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The internet is helping play matchmaker for millions of amorous young Chinese.
However, nobody is likely to get rich off the trend. Consumers are still often reluctant to pay for online services in China, and that includes dating, says Dave Carini of Norson Telecom.
Unlike the US, where people are willing to pay monthly subscription fees for access to dating sites, Chinese stick mostly to free or low-cost services.
One of the best known is the free QQ instant message service operated by Shenzhen-based Tencent. The service is especially popular among 16 to 24-year olds, who can view the gender, age and location of other people online. If any interesting prospects turn up, they can send a message to see if the other IM users want to chat.
A smaller number of customers willing to pay 10 yuan ($1.20) a month can view in-depth personal profiles on QQ’s online dating site, which started in 2002.
Young people seeking friends or partners have generated millions of page views for QQ’s main portal, according to investor relations manager Catherine Chan, who says the company warns on its website about the risks of online dating.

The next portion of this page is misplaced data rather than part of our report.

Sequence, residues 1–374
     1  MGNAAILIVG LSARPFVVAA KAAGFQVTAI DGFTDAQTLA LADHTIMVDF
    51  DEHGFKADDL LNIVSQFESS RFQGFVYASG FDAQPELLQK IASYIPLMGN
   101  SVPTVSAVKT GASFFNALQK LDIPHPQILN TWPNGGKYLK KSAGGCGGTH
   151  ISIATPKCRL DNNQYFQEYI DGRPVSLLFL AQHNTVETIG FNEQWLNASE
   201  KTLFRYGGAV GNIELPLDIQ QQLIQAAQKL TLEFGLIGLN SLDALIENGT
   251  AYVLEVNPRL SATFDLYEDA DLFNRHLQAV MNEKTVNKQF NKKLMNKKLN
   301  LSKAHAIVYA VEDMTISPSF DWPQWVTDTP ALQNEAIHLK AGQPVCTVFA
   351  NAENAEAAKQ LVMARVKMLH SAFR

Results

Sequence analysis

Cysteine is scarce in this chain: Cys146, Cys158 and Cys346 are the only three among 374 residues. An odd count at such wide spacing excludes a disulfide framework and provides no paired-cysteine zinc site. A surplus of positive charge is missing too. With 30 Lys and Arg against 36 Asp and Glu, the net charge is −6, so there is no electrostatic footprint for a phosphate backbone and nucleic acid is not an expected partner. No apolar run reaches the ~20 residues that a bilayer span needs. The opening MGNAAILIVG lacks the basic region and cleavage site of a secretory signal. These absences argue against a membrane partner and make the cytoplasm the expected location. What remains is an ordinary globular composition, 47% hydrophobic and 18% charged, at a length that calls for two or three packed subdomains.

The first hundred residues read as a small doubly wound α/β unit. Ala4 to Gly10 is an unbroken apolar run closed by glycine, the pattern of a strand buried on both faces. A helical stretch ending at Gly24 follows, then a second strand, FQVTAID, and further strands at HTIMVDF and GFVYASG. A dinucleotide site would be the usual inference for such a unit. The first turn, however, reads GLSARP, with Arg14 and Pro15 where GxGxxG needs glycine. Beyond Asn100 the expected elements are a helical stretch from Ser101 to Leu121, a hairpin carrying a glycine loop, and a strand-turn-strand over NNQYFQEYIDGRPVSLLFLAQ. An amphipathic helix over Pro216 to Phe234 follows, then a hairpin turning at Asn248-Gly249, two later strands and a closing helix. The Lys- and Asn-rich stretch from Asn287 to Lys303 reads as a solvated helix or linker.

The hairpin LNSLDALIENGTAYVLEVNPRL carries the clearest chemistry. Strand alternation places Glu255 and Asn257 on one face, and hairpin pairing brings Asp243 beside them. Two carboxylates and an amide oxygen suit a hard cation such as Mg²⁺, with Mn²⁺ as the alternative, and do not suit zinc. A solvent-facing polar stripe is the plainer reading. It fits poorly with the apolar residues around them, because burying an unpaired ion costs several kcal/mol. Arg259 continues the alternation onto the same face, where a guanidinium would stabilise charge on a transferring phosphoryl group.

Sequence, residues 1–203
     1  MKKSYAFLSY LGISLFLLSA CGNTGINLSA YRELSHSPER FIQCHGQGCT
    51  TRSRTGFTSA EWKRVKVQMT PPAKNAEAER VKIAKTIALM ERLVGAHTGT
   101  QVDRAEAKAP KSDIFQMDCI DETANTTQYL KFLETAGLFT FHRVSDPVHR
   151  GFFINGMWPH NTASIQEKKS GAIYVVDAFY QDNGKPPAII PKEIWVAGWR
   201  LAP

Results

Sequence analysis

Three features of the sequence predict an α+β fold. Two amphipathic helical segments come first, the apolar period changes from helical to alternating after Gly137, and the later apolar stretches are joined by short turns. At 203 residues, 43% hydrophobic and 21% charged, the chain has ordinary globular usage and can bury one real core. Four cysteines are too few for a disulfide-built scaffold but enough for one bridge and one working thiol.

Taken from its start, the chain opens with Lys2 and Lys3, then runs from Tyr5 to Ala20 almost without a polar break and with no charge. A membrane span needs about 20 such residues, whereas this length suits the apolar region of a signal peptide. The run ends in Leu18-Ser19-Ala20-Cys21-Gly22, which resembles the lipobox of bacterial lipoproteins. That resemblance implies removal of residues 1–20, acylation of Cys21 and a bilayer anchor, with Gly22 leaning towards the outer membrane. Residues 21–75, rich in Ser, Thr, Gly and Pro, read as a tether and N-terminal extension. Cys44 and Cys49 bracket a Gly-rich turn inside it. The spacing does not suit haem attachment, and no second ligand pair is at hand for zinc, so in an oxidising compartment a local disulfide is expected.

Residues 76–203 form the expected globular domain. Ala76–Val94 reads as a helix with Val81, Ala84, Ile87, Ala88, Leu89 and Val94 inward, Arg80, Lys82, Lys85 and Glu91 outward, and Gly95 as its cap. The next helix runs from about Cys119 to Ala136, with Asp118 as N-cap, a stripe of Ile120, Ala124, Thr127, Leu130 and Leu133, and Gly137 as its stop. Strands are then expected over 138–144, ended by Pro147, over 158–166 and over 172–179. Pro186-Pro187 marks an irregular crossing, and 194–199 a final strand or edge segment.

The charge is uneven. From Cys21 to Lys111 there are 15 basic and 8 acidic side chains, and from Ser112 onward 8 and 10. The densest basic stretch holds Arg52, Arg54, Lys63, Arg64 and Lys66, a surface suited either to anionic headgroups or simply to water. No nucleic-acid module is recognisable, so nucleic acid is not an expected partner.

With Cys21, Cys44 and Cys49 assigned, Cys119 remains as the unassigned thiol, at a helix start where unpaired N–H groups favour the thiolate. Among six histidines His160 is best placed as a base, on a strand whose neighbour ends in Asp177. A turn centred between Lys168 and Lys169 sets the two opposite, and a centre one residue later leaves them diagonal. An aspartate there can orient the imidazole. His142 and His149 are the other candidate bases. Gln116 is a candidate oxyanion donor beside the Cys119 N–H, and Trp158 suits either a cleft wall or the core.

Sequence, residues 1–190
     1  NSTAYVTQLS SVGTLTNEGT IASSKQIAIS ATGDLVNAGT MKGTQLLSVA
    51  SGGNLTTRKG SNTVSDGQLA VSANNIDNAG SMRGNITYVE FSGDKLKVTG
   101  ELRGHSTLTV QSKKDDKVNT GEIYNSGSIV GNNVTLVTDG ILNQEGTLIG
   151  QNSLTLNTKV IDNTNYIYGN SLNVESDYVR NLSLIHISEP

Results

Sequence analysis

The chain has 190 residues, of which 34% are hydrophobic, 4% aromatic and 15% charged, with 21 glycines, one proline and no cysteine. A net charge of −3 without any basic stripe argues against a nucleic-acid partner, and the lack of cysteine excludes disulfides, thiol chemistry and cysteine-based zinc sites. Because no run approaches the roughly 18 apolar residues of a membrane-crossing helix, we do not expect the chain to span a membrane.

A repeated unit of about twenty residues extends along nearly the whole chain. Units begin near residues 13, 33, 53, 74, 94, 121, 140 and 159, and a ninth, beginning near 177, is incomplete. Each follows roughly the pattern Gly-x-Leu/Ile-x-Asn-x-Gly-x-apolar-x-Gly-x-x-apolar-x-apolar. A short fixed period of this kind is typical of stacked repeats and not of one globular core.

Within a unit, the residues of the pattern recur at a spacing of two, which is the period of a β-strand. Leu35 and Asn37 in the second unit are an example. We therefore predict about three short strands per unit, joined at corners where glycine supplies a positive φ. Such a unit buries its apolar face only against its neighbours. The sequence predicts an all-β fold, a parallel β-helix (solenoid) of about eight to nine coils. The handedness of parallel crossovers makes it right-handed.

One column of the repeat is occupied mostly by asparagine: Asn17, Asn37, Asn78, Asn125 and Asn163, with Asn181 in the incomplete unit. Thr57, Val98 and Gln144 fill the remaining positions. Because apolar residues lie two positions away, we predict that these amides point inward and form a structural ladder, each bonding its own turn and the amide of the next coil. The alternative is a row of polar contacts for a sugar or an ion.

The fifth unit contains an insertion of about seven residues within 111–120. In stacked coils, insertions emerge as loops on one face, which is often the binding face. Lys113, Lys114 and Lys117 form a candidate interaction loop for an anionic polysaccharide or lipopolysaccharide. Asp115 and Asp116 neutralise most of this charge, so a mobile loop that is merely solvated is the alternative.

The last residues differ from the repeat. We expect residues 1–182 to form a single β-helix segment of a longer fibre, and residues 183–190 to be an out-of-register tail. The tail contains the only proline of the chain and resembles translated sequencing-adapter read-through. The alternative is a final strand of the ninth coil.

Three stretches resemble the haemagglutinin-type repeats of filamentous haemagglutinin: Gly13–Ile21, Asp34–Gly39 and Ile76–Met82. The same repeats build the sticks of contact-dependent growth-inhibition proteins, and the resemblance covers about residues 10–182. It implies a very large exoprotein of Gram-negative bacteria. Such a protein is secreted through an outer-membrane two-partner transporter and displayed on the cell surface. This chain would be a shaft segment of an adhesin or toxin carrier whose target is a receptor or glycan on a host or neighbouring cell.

Ms Chan says QQ has heard stories about young people who met through its services, began dating in person, and eventually got married. The trend isn’t so surprising, considering the demographics of China’s 103m internet users: 59 per cent are unmarried and most are under 30.
Ms Chan attributes the popularity of online dating to the one-child family policy, which limits young peoples’ ability to make friends through brothers or sisters.
Indeed, despite widespread cultural modernisation, dating habits remain conservative. People are not inclined to ask out strangers or distant connections, tending to date those they meet through school and work. The anonymity of an online forum helps to add dating candidates.
Guo Tianjiao, 29, shares a house in the southern city of Shenzhen with a boyfriend she met online four years ago. She placed an ad specifying that she wanted to meet a man who was financially secure and at least 1.76m (5ft 7in) tall.
She received half a dozen e-mail responses and had one uninspired live date before she met the man who became her boyfriend. Guo says she loves him enough to overlook one of her initial prerequisites. “He wasn’t very rich and he still isn’t.”
Not all encounters turn out so well. Liu Jing, 24, corresponded with an online long-distance boyfriend for a year, only to be disappointed when the two actually met. “I thought he would be handsome and tall,” she says. She has since sworn off internet dating.
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